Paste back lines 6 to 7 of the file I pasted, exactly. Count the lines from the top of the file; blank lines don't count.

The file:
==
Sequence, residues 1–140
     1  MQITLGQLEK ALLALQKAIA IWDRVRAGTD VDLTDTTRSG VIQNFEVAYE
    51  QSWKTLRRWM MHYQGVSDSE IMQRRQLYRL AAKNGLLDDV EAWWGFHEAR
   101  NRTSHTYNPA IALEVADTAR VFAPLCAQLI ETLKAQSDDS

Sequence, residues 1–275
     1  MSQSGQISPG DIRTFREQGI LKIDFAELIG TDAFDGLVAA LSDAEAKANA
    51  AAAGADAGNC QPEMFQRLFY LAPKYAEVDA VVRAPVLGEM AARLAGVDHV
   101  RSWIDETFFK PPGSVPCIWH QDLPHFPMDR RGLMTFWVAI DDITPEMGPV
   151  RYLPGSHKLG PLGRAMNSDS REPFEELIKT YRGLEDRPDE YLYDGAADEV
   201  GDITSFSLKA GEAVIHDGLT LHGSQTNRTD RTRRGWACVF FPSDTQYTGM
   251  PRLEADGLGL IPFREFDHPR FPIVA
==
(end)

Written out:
     1  MSQSGQISPG DIRTFREQGI LKIDFAELIG TDAFDGLVAA LSDAEAKANA
    51  AAAGADAGNC QPEMFQRLFY LAPKYAEVDA VVRAPVLGEM AARLAGVDHV